Regardless of which access you choose along Bruce County’s picturesque Saugeen River, you’ll be greeted by tree-lined shores, stunning cliffs and some easy paddling. Ready to hit the water but aren’t sure where to start when planning your trip? We have you covered.
The Saugeen River isn’t explored nearly as much as it should be around both Paisley and Walkerton so we highly recommend starting there. Snag a campsite in either town and venture out on day trips from there or plan your route and enjoy a multi-day adventure along the Saugeen River! One thing to know is that the majority of the Saugeen River is quite shallow, so much so that you can stand up in it. This makes it a great route for beginners and even families who are looking to enter the foray of multi-day paddling trips. While it’s just a 20 minute drive by land, the waterway snakes its way through pristine greenspace to create a 40 kilometres journey between Walkerton and Paisley with the McBeath Conservation Area in between.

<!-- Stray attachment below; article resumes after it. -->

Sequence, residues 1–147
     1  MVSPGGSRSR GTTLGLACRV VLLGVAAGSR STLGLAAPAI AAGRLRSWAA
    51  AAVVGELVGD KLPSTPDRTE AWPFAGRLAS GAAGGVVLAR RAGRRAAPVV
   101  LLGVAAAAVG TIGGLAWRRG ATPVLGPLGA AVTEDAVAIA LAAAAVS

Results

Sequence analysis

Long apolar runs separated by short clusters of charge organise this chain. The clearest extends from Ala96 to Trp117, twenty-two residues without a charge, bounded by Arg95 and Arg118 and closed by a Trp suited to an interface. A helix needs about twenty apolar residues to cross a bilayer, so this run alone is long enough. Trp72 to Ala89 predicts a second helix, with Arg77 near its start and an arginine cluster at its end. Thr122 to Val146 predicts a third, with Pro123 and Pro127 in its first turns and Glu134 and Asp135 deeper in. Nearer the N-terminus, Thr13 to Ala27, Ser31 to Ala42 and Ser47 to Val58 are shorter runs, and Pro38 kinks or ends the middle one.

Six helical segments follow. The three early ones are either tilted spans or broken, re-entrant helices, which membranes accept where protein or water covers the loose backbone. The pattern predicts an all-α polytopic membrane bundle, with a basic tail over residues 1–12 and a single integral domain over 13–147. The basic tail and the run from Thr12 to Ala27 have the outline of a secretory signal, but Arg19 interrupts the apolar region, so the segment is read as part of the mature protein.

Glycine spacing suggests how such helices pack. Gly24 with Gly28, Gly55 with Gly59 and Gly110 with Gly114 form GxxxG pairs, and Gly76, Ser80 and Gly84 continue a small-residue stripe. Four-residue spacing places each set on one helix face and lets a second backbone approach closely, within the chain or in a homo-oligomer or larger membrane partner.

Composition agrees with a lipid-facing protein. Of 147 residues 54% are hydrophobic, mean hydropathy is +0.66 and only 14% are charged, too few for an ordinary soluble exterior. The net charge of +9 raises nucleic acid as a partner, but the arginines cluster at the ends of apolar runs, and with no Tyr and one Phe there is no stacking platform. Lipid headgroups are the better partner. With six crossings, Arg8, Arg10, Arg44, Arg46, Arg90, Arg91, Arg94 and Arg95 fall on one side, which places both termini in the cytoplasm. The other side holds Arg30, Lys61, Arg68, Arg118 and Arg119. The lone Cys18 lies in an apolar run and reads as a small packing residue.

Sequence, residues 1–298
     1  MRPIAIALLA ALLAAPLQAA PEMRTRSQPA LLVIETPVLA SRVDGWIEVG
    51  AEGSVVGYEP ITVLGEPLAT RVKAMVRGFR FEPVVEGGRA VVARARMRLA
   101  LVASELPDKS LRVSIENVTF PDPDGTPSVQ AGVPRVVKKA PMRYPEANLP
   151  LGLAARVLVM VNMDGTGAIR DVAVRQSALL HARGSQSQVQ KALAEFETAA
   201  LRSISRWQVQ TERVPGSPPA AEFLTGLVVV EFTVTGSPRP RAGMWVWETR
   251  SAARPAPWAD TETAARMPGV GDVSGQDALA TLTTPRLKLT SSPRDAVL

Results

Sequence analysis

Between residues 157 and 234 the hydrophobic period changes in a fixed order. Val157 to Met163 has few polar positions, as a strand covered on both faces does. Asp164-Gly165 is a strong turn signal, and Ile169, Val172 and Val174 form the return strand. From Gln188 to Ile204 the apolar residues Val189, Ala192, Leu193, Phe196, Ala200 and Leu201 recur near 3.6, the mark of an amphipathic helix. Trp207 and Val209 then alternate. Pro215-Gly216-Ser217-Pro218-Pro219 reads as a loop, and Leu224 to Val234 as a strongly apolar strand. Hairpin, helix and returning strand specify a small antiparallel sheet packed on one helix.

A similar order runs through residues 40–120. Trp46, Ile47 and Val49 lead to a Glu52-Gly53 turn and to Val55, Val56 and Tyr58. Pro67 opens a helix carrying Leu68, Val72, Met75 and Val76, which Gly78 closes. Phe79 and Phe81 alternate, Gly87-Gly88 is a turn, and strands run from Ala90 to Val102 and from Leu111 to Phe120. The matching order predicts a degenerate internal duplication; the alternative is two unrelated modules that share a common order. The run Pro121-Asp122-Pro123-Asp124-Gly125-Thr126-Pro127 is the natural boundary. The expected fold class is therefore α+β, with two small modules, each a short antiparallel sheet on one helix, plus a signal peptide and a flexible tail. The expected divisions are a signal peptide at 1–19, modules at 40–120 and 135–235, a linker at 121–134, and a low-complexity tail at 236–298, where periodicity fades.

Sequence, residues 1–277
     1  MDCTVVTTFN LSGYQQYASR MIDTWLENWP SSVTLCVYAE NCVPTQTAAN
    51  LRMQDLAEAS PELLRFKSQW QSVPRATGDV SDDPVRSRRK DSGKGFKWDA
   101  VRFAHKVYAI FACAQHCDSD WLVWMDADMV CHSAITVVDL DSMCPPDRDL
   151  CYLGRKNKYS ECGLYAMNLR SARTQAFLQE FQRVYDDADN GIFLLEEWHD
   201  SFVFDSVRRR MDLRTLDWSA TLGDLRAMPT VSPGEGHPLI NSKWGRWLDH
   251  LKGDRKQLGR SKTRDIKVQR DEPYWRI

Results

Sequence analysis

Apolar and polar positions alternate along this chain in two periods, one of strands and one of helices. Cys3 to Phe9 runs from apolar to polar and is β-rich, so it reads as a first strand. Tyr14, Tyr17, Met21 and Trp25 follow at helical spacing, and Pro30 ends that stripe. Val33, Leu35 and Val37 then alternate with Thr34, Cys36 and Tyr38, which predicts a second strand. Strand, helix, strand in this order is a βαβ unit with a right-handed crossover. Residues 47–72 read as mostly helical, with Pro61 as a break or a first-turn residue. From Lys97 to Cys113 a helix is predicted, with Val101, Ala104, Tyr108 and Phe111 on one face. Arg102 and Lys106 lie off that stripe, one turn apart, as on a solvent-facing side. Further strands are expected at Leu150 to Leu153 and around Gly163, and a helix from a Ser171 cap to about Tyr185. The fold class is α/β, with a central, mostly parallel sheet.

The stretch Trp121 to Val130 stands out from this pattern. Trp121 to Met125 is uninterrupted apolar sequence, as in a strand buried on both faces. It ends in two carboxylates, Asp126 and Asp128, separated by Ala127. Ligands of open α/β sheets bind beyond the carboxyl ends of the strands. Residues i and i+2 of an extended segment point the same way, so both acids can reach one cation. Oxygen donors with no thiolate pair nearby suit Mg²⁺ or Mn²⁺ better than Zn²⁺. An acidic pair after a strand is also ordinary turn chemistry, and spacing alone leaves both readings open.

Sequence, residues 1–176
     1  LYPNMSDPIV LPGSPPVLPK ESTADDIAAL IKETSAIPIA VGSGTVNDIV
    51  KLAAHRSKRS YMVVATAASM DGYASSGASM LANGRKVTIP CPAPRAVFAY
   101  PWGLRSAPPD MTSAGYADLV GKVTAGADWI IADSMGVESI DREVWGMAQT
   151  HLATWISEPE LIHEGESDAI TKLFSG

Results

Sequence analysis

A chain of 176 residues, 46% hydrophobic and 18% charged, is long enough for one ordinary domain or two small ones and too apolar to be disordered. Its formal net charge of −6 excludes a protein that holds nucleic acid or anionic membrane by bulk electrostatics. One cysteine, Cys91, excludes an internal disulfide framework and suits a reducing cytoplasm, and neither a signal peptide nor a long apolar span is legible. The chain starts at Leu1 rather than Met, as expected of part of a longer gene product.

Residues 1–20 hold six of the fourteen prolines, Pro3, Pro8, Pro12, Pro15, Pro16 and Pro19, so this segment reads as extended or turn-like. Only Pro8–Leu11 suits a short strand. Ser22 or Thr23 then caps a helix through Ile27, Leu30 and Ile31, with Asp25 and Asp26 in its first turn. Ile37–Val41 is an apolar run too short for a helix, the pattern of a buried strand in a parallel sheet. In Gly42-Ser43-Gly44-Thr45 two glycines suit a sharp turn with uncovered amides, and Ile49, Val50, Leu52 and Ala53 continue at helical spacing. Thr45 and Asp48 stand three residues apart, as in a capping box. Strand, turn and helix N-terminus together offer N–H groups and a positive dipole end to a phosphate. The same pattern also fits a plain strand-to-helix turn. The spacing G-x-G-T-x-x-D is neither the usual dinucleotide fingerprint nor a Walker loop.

Whatever your paddling plans look like, don’t forget to pack everything you need! The weather and water conditions can change quickly so we recommend bringing appropriate clothing as well as water shoes or sandals (not flip flops!) in case you need to guide the canoe by foot through shallow waters. Bear, bug and tick spray is a must to ensure smooth sailing as well as water and firewood. The water is not drinkable right from the Saugeen River unless you have an apparatus such as Lifestraw to treat it with. It’s best to purchase these items close to wherever your Bruce County home base may be so pop into the Paisley Freshmart or the Foodland in Walkerton to grab anything you may need. Whatever you choose to bring, pack out everything you pack in – no littering!